Once you find a brand that works for you, you usually end up sticking with it. Different ultra athletes are sponsored by different brands therefore you will only ever see them wearing these brands. They may get the shoes as part of their deal but they wouldn’t wear them if they were uncomfortable. The trick is to do your research and find a shoe that is suitable for your feet whether that be a shoe for wide feet, narrow feet or something with a wide toe box. Try not to spend too much on your first pair and look for last season’s models which are usually cheaper.
What Size Should I Buy?
If you go up half a size in your road shoes then go up half a size in your trail shoes. Some people prefer to go up a whole size. As a 6.5 in day to day shoes, I have found that a 7.5 is a good fit. If you are completely new to running you may not have heard this particular piece of advice before but speak to most runners and they will tell you the same.
Sizing is important. You need to ensure that your feet have enough space but not too much that your toe slides forward and bashes against the front of the shoe. Another factor is the width of the shoe. Some runners have wide feet and need something with more room. The Salomon Speedcross is a shoe that is rumoured to be a narrow fit however they do a wider foot version. I like the Hoka Speedgoat wide which gives me more room in the toebox. You will find a whole guide to best trail shoes for wide feet here. Finding a shoe that is comfortable is particularly important on the trails, especially with uneven terrain and long distances.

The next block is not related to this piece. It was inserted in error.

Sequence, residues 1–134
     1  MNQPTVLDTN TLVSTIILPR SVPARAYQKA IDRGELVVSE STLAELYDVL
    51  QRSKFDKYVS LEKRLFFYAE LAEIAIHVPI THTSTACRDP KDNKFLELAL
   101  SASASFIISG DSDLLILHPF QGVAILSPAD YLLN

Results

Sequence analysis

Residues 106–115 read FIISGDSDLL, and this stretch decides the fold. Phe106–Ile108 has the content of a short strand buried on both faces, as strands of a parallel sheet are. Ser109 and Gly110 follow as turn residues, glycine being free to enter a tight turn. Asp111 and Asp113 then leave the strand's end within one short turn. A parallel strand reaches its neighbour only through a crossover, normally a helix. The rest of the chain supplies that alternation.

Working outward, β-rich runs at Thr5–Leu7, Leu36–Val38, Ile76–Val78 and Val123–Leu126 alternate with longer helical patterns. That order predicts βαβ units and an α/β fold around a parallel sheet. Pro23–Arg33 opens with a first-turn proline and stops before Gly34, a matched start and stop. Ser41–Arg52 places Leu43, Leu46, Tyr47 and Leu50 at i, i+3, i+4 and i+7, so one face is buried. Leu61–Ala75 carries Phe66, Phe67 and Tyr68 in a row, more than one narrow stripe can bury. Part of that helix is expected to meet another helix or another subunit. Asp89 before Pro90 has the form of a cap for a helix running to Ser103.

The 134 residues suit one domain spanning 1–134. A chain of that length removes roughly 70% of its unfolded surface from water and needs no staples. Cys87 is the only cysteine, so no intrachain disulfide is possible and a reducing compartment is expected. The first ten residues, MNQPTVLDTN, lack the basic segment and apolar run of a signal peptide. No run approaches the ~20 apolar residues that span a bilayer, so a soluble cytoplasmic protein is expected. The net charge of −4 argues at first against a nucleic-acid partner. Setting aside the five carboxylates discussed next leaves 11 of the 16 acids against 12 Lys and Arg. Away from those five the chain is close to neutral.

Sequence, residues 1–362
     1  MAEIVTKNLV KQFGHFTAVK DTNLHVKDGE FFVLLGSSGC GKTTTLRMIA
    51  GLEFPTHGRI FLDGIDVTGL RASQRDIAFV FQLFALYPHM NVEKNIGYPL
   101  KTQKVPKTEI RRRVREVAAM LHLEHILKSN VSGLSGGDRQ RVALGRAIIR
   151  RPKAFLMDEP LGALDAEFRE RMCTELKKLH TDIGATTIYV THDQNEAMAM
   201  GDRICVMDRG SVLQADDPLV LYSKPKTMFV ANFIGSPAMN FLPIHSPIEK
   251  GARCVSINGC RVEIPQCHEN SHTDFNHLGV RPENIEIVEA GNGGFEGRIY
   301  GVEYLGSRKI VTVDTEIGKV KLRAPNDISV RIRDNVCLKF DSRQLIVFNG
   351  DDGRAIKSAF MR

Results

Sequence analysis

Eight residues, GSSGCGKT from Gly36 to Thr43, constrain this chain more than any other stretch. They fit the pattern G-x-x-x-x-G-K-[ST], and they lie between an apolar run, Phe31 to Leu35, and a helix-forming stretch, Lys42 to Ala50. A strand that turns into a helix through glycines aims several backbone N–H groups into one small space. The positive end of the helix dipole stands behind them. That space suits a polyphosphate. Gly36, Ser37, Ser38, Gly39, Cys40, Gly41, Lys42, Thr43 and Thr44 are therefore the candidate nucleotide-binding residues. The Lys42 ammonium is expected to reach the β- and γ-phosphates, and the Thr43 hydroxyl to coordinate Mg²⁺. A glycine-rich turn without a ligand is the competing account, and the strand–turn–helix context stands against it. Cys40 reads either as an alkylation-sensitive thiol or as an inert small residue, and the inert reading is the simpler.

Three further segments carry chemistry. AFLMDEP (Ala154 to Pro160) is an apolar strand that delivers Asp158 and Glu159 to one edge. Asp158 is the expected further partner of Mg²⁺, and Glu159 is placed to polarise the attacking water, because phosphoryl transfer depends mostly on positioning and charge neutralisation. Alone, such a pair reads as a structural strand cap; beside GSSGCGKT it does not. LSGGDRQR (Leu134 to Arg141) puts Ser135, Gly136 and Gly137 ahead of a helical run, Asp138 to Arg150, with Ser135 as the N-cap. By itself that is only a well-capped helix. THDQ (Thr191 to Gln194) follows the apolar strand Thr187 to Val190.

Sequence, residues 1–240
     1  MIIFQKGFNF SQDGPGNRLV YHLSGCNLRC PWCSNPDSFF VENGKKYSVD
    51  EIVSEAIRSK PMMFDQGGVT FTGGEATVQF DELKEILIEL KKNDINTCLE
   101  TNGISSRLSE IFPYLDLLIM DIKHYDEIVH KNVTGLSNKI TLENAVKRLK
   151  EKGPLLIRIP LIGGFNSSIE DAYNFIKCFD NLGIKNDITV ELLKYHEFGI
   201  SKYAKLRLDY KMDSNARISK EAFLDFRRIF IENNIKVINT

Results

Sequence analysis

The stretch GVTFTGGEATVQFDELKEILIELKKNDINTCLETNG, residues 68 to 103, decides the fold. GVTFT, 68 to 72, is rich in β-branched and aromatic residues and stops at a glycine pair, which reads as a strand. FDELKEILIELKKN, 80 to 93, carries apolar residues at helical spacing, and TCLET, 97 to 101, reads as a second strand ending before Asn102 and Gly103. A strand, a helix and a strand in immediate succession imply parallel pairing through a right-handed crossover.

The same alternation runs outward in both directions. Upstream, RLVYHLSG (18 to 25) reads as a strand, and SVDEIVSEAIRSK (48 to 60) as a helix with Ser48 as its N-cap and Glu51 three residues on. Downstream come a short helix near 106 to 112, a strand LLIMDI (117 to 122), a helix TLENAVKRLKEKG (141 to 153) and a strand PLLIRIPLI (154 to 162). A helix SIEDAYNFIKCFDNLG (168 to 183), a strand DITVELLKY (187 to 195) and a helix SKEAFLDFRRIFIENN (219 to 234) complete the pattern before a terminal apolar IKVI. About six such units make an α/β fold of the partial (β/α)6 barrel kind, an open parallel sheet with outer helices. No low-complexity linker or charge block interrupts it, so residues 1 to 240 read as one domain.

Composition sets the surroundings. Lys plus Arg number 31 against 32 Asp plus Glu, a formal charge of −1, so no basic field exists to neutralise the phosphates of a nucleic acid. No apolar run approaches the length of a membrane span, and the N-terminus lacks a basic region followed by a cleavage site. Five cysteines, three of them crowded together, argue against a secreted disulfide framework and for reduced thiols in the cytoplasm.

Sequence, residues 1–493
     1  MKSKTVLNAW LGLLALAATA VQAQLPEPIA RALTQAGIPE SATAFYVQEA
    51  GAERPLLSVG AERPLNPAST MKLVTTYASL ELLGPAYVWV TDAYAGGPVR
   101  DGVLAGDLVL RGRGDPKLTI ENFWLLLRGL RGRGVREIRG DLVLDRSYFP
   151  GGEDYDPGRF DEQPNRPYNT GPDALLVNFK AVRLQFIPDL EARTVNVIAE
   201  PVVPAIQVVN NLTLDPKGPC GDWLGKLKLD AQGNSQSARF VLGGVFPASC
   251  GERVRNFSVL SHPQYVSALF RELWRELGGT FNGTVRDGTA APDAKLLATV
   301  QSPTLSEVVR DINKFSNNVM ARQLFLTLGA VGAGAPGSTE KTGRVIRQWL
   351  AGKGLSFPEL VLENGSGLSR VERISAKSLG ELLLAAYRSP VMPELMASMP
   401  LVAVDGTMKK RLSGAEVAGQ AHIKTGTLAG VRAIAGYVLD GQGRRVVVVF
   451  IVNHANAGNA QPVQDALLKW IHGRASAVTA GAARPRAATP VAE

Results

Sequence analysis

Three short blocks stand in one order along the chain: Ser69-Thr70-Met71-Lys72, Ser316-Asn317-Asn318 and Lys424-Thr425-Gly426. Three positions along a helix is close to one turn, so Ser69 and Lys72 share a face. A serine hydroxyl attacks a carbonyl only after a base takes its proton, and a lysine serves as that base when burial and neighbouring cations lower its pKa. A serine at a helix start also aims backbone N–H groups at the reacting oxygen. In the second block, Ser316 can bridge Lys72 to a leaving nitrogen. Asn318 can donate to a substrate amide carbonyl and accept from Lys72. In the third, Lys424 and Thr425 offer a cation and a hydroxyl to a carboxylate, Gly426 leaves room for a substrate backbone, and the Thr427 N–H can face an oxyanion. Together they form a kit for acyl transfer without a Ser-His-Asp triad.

Where Should I Buy Trail Running Shoes?
Before the pandemic, it was pretty much the norm to go to a local shop that specialises in running shoes to have a proper fitting. This involved getting on a treadmill and having your gait filmed while running. The footage would then be analysed to see how you run, how your feet land, whether you overpronate etc. You would then be recommended a bunch of shoes to try on to see which felt best on the treadmill. Of course, Covid-19 put paid to that and we had to switch to buying shoes online. That said, running on a treadmill is not going to help you try shoes that can handle tough terrains or rocky climbs so many prefer the ease of ordering online with the knowledge that they can send them back if required.
When it comes to buying trail running shoes online, while some prefer shopping directly from brand websites such as inov-8 or Hoka, others prefer to go to an online discount shoe store such as Sportsshoes.com. Here you will find the latest models from a whole range of brands as well as last season’s models. The returns policies make it easy for you to return a shoe if it is the wrong size and you can read comprehensive reviews from others that have purchased the same. The beauty of a website like this is that you can pick up last season’s models at a fraction of the cost of the latest models meaning you don’t have to spend a fortune.
What Sort of Trail Shoes Should I Buy?
This is your next consideration. There are so many different types of trail running shoes. Take inov-8 for example. You have the Roclite, the Mudclaw, the Parkclaw, the Terraultra – what does it all mean? Well, essentially each pair is designed for a different terrain. Some are suited for all terrains. We find the Roclite is good on the tarmac and on the trails but not so good in the mud. The Mudclaw however are great in the mud but not very forgiving on the road. The Salmon Speedcross offers great grip and transfer well from road to trail over long distances. In fact, you can check out our review of this shoe here. The Hoka Challenger and Hoka Speedgoat are both great shoes but serve entirely different purposes.
When deciding which to buy consider the following:
- What time of year is it? If it is summer, you can get away with something that hasn’t got as much grip. In winter, you need to consider wet, slippery conditions and mud